Wednesday October 24, 2018

Indonesia’s immoral Surgical Strike on condoms for the celebration of Valentine’s Day

“Valentine’s Day is often misused by teenagers to have casual sex, this can destroy the morality of the nation”

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Indonesian authorities seize condoms in order to discourage teenagers from having sex on Valentine's day. Image courtesy: VOA
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Makassar (Indonesia), Feb 15, 2017: When the whole world was engrossed in painting the town red with love and romance, Indonesia made the best efforts to shun the love in its air.

Indonesian authorities barged in on convenience stores and seized condoms in Makassar, a major city in Indonesia, to stop teenagers having casual sex on Valentine’s Day.

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The mayor of Makassar, a conservative city on central Sulawesi island, led public order officers in the raids late Monday, on the eve of the celebration. Mayor Mohammad Ramdhan Pomanto clarified his stance stating that he was not against the sale of condoms, but the outlets needed to be more cautious about whom they were sold to, as reported by AFP

“Valentine’s Day is often misused by teenagers to have casual sex, this can destroy the morality of the nation,” Pomanto was quoted as saying in local media.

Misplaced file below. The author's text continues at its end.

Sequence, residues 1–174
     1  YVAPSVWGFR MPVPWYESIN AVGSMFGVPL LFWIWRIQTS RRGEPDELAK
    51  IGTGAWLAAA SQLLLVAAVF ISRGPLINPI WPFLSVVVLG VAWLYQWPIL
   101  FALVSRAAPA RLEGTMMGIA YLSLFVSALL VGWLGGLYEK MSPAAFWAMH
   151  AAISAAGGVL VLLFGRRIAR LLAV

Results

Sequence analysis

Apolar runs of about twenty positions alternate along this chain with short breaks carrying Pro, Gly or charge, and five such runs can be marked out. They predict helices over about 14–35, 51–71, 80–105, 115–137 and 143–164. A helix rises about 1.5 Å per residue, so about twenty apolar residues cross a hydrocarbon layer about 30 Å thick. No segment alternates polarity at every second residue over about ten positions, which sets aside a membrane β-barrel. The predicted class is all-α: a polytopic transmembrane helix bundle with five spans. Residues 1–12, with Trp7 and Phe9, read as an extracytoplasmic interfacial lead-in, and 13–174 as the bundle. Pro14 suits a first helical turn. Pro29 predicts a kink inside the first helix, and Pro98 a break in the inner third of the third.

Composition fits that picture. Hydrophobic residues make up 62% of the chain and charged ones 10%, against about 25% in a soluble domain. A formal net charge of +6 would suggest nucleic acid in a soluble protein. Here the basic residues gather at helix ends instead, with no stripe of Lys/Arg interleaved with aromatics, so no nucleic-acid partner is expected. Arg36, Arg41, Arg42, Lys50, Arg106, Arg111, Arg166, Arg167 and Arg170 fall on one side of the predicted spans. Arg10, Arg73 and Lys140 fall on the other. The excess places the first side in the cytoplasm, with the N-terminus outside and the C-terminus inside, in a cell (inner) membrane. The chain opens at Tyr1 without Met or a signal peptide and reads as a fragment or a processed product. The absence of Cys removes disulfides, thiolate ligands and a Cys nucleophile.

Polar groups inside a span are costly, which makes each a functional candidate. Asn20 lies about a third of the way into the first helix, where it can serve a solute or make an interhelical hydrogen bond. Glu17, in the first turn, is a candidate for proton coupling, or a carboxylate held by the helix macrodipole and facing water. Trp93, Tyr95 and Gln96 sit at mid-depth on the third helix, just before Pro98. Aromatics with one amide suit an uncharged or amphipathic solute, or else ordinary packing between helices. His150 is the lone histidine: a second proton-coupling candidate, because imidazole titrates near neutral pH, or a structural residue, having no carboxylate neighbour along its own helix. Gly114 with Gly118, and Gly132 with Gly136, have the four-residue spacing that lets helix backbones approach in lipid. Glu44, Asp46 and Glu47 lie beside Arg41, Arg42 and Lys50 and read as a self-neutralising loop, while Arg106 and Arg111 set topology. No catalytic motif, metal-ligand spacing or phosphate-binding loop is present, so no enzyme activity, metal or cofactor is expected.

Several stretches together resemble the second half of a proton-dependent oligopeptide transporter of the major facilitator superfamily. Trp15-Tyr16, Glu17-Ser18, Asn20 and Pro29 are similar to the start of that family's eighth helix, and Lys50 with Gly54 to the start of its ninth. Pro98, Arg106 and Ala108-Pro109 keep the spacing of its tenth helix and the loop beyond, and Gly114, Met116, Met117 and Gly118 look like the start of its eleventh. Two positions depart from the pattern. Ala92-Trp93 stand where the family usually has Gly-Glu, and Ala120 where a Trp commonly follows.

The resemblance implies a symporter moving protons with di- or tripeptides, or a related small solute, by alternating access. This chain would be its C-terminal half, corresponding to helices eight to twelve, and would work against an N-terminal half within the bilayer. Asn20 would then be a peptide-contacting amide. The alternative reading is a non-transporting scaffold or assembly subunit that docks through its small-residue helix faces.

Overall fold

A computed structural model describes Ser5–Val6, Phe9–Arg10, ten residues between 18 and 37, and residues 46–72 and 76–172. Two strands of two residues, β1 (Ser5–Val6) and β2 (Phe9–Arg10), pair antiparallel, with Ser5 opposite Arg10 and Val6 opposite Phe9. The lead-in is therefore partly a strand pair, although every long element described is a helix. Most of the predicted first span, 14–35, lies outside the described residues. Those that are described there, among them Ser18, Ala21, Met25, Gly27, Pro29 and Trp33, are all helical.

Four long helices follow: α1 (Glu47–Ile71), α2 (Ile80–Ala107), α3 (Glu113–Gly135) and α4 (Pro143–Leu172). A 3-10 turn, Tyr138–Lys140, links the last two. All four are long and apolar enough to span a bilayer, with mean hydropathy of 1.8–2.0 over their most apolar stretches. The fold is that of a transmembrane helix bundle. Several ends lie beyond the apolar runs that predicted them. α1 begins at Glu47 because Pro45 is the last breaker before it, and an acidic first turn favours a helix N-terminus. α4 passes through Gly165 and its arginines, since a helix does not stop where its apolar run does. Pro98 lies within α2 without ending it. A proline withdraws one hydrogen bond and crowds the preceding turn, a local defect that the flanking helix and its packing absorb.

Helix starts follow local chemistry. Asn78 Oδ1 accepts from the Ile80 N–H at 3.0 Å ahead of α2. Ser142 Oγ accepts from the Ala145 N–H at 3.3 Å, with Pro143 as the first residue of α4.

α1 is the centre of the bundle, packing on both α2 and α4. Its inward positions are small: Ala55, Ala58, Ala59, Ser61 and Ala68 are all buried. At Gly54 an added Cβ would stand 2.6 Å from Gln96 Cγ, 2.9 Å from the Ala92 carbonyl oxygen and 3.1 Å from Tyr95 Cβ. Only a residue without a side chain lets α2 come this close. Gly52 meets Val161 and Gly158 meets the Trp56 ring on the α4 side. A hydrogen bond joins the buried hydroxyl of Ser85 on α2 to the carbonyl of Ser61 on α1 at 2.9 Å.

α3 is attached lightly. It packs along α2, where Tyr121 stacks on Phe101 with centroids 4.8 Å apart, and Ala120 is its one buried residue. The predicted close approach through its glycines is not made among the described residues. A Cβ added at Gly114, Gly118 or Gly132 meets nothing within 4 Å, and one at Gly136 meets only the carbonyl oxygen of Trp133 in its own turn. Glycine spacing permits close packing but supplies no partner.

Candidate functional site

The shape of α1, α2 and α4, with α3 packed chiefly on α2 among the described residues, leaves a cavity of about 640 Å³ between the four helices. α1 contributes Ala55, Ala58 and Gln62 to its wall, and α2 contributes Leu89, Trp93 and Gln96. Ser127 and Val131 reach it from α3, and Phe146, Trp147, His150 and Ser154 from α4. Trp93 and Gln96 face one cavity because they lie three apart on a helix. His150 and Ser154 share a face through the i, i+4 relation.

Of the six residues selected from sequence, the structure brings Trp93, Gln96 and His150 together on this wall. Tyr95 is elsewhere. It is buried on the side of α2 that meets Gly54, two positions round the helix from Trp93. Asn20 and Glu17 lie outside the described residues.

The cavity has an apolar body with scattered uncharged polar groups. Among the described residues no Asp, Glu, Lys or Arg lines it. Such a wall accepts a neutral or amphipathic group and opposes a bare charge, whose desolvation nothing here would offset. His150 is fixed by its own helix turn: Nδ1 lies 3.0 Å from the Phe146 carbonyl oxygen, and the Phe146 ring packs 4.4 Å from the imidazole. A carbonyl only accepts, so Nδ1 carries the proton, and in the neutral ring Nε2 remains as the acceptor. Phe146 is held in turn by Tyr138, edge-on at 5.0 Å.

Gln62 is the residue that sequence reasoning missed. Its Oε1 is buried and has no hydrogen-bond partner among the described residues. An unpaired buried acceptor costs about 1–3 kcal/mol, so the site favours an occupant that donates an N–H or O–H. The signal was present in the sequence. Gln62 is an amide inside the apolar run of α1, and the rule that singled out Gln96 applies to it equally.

Iman Hud, head of the local public officers, similar to police but with fewer powers told AFP that convenience stores had been failing to verify teenagers’ IDs to check whether they were at least 18 years old, the age of consent, before selling them condoms.

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“We are doing this to prevent promiscuity,” he said, adding that hundreds of condoms were seized in the raids in the city of 1.3 million

In the world’s most populous Muslim preponderance nation, Islamic clerics and some devout Muslims mark this occasion as to denounce what they consider as Western sway which corrupts the youth to indulge into debauchery.

On Monday teenage pupils, including girls in headscarves, staged a protest outside a school in the city of Surabaya, chanting: “Say no to Valentine!”

Like every year, Valentine’s day celebration was banned by Indonesian authorities in some parts of the country.